ln(AF-alb)(pg/mg)

2 0

Groundnut consumption was recorded simply as the frequency of consumption over the previous week. More children ate groundnuts at least once a week in Kigwa than in other villages at the storage visit (32% versus 13–15%, p50.05), and the harvest visit (78% versus 24–25%, p50.01). The frequency of groundnut consumption was significantly higher in the harvest visit than in the storage visit (38% versus 19%, p50.05). The exact composition of complementary foods in different families was not recorded and there will be variation in the inclusion of other cereals such as rice and millet with the main component of maize in flour used to make porridge. Children in Kikelelwa ate substantial amounts of bananas usually in the form of banana porridge, but no children from the other villages consumed bananas. Potatoes, rice and wheat consumption were also more frequent in Kikelelwa than in other villages. Cassava was not a common food in any of the three villages under study (data not shown).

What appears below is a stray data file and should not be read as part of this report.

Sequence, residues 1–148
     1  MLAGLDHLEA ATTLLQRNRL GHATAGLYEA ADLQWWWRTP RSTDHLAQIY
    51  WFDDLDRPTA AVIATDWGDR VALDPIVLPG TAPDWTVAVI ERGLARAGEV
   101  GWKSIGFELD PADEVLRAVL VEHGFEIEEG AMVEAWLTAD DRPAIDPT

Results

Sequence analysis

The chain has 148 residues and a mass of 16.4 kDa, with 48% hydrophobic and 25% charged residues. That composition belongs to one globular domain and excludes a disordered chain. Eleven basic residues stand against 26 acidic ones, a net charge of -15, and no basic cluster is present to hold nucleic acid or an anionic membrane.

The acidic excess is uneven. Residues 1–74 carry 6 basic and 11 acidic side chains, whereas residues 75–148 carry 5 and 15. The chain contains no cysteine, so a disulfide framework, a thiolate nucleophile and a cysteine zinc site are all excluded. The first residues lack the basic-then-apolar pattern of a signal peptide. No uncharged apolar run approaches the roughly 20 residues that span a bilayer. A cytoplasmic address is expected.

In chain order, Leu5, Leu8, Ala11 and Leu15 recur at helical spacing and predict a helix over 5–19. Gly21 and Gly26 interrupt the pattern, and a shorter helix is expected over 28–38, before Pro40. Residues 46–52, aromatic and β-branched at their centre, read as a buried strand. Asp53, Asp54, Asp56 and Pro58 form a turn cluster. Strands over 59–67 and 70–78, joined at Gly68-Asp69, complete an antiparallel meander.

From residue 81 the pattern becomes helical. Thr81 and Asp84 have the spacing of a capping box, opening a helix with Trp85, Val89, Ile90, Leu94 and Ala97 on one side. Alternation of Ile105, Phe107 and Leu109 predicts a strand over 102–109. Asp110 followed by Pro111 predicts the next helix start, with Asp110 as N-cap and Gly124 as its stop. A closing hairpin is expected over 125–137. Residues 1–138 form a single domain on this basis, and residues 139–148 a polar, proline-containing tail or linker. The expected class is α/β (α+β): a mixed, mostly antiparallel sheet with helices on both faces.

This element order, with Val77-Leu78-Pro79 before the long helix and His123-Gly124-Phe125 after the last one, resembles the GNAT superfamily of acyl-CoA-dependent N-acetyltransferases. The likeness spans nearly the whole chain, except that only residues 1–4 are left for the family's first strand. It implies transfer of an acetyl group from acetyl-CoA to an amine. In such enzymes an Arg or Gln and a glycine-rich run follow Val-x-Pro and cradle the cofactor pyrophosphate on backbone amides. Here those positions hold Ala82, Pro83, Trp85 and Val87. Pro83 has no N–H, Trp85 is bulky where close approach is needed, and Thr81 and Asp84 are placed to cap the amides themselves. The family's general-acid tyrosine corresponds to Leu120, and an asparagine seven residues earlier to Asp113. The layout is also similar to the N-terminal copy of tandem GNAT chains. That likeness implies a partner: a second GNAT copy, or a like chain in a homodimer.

433

8

DOI: 10.3109/1354750X.2014.924998

0

2

4

6

8

ln(AFB1intake)(ng/kg bw/day)

Figure 1. Scatter plot with linear curve fit (red line) and 95% CI (grey-shaded area) showing the correlation relationship between AFB1 intake through maize food and blood AF-alb using pooled data at both visits, both in natural log transformed data. Correlation coef. ¼ 0.43, p50.01.

the model to determine the key contributors for AF-alb adduct. It showed that AFB1 intake ( ¼ 0.36, p50.01), and age ( ¼ 0.13, p50.01) were the key determinants of AF-alb, in addition to residence in village Kikelewa being a protective factor ( ¼ 0.91, p50.01).